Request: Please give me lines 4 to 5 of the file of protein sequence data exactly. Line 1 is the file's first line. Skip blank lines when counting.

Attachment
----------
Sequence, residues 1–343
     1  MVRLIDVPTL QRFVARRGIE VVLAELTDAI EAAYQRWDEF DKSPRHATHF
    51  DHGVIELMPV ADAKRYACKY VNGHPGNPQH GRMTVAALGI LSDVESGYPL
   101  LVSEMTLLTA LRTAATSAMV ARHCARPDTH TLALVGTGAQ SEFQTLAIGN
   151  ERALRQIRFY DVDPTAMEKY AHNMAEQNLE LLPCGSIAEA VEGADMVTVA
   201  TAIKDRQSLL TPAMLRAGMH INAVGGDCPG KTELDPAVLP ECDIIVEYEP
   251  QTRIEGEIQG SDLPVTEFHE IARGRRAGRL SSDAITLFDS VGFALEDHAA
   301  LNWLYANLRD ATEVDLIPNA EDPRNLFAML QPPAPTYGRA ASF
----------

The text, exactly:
   101  LVSEMTLLTA LRTAATSAMV ARHCARPDTH TLALVGTGAQ SEFQTLAIGN
   151  ERALRQIRFY DVDPTAMEKY AHNMAEQNLE LLPCGSIAEA VEGADMVTVA